By Mary Waltari, Esq.
Are you aware of the federal government programs available to minors? Some cover all minors and some cover only minors with disabilities. They vary from cash payments to healthcare coverage to a range of other supports.
Supplemental Security Income (SSI)
Children with qualifying disabilities whose families meet SSI’s low income and asset requirements are eligible to receive monthly cash payments intended to help families meet their child’s needs. The resources and income of the minor’s parents are “deemed” to the child. The 2016 resource limit is $3,000 for a two- adult household and $2,000 for a one-adult household, although the value of the family home, furnishings and automobile is not considered. Income limits are based on a complex formula dependent on certain factors, such as household income and how many individuals are living in the home. If the family meets the income and asset limits and the minor child meets the SSI disability standard, the minor child may receive a monthly SSI payment of up to $733. A few states provide a supplement to this amount.
Social Security Survivor Benefits/Social Security Disability Benefits
Monthly cash benefits are available for unmarried children under 18 upon the death, retirement or disability of a parent who is eligible for Social Security. Amounts are calculated based on the parent’s lifetime earnings. Upon turning 18, a person with a qualifying disability who has been receiving these Social Security benefits could receive Social Security Disabled Adult Child (DAC) benefits, with payments continuing throughout life so long as the person continues to meet eligibility standards.
Temporary Assistance for Needy Families (TANF)
This program provides temporary financial assistance and other services to assist low-income parents in caring for their children in their home, while promoting job preparation, work and marriage. Eligibility requirements and monthly cash assistance vary by state and are not limited to families raising a child with a disability.
Supplemental Nutrition Assistance Program (SNAP)
This program (formerly called Food Stamps) provides low-income individuals assistance with purchasing food through an electronic debit card. It is available for families who meet the household eligibility requirements, as determined by their state. SNAP is not limited to children or adults with disabilities, but there are special eligibility provisions for individuals with disabilities.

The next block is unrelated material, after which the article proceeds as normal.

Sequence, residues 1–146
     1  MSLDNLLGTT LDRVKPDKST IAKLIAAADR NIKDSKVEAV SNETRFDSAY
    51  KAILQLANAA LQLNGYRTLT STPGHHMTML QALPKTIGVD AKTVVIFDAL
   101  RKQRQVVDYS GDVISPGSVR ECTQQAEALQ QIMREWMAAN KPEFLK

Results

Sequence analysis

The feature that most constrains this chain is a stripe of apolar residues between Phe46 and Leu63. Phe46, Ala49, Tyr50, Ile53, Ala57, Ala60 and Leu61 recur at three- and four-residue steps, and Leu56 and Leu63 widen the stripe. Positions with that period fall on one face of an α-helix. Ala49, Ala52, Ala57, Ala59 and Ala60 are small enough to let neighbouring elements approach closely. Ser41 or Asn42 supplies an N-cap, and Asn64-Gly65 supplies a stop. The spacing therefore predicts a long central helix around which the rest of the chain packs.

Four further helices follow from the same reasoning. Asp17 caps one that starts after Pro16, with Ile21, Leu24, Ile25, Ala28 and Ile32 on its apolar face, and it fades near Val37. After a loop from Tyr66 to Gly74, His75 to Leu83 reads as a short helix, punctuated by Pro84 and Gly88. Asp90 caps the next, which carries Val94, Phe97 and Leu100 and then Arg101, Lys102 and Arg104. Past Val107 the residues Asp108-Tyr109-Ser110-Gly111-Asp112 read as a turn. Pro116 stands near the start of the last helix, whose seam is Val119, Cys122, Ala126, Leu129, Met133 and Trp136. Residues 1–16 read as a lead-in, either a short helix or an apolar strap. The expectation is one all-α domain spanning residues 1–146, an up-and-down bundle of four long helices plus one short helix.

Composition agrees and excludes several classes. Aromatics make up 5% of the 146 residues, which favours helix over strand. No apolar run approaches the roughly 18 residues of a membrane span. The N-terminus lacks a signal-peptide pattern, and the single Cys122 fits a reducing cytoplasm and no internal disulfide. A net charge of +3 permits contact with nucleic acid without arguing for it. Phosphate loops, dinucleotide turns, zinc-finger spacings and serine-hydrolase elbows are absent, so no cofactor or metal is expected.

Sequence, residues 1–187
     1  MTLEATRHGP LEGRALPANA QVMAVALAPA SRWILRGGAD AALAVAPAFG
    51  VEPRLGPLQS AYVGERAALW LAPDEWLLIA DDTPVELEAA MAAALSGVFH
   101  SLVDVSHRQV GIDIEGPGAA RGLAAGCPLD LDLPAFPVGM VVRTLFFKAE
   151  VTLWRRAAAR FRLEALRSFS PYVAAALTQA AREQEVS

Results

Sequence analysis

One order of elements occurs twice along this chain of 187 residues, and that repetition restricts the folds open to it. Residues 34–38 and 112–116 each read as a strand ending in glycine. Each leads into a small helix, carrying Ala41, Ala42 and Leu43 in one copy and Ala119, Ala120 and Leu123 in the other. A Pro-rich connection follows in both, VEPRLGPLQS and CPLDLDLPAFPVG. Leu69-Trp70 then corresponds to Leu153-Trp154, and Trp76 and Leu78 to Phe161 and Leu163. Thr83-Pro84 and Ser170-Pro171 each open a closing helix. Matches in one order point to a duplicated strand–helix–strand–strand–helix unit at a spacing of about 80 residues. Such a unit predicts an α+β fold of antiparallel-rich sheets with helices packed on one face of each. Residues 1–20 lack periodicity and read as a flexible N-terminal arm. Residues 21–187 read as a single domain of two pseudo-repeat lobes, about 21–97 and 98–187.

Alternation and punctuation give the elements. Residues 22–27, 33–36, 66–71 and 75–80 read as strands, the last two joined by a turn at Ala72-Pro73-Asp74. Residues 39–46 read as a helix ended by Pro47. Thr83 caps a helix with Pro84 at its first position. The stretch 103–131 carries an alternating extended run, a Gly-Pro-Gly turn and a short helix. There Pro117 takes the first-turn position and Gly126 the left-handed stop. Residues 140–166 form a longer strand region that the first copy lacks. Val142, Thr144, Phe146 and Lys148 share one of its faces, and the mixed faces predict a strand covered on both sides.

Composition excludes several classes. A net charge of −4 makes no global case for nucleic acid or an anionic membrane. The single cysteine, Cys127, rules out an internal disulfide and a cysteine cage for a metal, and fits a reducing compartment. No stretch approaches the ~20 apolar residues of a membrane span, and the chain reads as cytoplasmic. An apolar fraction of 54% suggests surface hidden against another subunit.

The various VA benefits take into consideration whether the veteran has a dependent child. Veteran’s Aid and Attendance is a cash payment available to low-income veterans with disabilities, which is increased if the veteran has a dependent child. An individual’s residence and vehicle are not considered when calculating eligibility, and medical expenses are deducted from countable income.
Funded by both the federal and state governments, this program varies greatly, depending on location. In most states, if a child with disabilities receives SSI, he/she is automatically qualified for Medicaid. In other states, the child may qualify based on meeting the income and resource requirements. In addition, for some Medicaid waiver programs, if the child is cared for at home but requires the level of care provided in an institution, s/he can be found eligible. In addition to covering health care, the program pays for durable medical equipment and, depending upon the state’s waiver programs, in-home support and other community-based services. Given long waiting lists for many waiver programs, it may be important to sign up early.
Children’s Health Insurance Program (CHIP)
This program varies by state and is referred to by different names in each. It provides comprehensive health coverage, including dental care, to individuals under 19 whose families can’t afford private insurance but whose incomes are too high for Medicaid. There is usually no asset limit. In some states, a modest premium is charged to those at the higher end of the income spectrum.
Depending on where you live, there may be other state programs available to children with disabilities. For instance, in California, where I practice law, there are services for children and adults with developmental disabilities offered through Regional Centers. Families should contact the Department of Health and Human Services information centers or local disability groups for information on programs available in their state.